Prepaid Cards to See First-Time U.S. Rules: Consumer Agency

Prepaid cards that can be reloaded and often carry a litany of hidden fees are about to get their first dose of U.S. regulatory oversight, just as the market for such a payment method is surging.
The Consumer Financial Protection Bureau is considering rules that should apply to these cards, used by more than 7 million consumers.
The total dollar value of funds loaded onto these cards is growing at an annual rate of 42 percent.
The amount on prepaid cards is expected to reach $167 billion in 2014, more than 13 times the total of $12 billion for 2007.
But the CFPB is also looking for the public input before issuing its rules.
“As the market continues to grow, we want to learn more about the costs, benefits, and risks so that we can determine what protections are needed and what consumers need to know to make the best decisions for themselves,” the CFPB said in a statement.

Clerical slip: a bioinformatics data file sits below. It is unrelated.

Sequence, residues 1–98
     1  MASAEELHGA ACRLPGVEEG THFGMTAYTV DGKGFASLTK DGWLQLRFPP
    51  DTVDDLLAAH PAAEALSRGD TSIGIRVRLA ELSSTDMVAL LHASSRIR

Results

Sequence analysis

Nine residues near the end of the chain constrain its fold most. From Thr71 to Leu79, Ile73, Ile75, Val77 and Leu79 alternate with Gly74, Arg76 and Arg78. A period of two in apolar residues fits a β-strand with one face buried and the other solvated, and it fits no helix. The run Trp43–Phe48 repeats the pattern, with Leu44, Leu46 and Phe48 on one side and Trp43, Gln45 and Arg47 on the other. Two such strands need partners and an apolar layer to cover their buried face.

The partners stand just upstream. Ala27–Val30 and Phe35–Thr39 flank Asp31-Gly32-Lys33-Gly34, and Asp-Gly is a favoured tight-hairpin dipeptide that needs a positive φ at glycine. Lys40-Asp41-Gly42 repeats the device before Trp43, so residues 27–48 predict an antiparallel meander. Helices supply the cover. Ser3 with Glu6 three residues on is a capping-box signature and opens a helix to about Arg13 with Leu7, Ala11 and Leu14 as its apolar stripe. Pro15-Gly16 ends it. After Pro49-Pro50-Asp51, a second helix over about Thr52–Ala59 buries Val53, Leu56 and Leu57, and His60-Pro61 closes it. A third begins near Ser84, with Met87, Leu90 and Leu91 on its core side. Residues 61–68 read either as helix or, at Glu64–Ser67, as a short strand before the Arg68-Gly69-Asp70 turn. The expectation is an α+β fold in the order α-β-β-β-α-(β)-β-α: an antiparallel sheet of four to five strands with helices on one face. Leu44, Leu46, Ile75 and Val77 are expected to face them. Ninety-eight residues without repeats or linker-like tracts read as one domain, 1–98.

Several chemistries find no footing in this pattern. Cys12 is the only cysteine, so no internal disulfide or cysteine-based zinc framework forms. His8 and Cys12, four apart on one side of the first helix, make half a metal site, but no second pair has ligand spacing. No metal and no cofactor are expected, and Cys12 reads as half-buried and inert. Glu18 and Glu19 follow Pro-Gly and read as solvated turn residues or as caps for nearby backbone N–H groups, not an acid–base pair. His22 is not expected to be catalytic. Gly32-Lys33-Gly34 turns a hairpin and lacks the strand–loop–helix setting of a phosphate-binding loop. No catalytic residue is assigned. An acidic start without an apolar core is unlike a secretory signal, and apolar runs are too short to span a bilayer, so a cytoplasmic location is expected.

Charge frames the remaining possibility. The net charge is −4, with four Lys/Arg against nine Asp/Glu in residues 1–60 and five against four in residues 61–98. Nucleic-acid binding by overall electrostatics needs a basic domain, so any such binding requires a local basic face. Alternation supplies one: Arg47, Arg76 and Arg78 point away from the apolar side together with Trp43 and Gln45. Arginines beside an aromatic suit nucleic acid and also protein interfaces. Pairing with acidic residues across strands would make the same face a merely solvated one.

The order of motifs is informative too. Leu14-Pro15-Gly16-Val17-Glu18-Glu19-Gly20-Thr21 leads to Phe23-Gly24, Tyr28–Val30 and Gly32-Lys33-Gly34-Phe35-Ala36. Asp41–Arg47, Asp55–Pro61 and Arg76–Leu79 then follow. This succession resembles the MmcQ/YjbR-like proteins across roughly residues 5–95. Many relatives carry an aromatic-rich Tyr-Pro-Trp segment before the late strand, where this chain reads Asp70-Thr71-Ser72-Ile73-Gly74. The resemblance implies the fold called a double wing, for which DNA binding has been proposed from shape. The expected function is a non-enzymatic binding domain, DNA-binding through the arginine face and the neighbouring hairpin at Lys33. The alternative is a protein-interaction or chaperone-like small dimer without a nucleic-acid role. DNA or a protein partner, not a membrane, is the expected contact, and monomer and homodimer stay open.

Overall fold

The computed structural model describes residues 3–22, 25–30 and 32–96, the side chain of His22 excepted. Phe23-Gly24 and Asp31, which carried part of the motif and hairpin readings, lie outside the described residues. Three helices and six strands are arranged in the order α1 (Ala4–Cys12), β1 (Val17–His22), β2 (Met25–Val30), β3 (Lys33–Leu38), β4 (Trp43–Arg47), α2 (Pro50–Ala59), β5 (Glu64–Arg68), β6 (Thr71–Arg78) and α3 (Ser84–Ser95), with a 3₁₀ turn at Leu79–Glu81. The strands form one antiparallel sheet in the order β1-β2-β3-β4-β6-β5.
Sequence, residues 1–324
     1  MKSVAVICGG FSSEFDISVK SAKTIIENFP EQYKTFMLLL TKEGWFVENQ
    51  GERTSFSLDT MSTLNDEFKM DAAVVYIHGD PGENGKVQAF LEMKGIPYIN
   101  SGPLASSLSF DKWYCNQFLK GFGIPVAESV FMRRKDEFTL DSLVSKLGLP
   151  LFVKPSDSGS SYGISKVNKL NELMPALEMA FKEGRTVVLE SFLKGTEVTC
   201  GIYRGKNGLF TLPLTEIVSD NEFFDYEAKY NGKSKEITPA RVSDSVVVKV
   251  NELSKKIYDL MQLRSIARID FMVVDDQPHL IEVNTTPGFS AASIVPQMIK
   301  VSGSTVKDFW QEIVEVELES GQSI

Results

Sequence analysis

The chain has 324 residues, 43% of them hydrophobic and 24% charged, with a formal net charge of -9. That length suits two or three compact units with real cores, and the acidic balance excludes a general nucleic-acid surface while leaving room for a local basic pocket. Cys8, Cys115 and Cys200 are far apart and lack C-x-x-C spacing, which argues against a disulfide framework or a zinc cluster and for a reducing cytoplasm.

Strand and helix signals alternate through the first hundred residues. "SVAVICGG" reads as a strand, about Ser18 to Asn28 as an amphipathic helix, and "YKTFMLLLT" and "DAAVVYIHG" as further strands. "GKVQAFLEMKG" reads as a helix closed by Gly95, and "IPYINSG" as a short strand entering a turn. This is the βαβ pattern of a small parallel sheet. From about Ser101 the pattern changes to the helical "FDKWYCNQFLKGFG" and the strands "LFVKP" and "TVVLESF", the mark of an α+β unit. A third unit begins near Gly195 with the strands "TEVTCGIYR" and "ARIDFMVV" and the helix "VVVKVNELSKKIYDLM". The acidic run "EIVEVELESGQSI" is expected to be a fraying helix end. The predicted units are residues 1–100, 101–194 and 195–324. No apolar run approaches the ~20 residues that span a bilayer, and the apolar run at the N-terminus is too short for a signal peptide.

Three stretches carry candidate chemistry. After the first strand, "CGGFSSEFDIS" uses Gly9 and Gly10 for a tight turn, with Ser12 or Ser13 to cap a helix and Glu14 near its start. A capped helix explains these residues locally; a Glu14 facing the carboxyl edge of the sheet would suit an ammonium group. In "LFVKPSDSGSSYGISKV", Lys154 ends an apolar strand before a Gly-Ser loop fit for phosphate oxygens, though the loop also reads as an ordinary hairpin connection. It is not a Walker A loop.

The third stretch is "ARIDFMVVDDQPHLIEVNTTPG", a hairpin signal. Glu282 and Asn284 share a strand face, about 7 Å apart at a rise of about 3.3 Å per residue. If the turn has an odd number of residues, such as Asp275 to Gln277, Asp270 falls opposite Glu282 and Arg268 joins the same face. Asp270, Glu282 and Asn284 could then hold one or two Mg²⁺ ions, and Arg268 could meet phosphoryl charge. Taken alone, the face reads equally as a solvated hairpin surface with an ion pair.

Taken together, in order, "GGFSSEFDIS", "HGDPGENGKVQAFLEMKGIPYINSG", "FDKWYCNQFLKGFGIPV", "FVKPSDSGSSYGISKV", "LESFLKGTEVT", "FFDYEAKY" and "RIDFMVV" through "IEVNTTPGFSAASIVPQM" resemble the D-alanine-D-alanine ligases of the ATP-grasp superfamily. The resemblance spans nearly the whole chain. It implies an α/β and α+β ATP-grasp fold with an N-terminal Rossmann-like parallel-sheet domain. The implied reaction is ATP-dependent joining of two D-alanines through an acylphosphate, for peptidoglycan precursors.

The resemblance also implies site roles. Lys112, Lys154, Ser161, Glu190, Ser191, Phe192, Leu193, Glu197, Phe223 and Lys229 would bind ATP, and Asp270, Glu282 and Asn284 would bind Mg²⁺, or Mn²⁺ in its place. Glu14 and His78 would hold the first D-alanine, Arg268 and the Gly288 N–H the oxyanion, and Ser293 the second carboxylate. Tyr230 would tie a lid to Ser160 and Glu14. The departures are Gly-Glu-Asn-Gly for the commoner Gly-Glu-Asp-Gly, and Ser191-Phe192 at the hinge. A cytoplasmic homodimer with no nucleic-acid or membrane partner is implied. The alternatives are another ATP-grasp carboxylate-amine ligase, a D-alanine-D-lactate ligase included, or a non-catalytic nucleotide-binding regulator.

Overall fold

The agency is looking for guidance on how to “provide the consumer with transparent, useful, and timely fee disclosures” for prepaid cards.
Click on the full “Advance Notice of Proposed Rulemaking” to see the specific questions on which the CFPB is seeking input.

One thought on “Prepaid Cards to See First-Time U.S. Rules: Consumer Agency

  • May 23, 2012 at 7:00 pm

    With bank regulations cutting profits in other areas, banks are looking to new value-added services to fill their coffers. Reloadable cards are one area where consumers say they want the service, and are willing to pay for it. According to a new Integrated Study on Service Fees by Market Rates Insight (, 47% of those surveyed want reloadable bank cards for convenience and other purposes, and they will pay on average $4.26 per month for the service. It’s one way for banks to increase revenue as they are squeezed by regulations.

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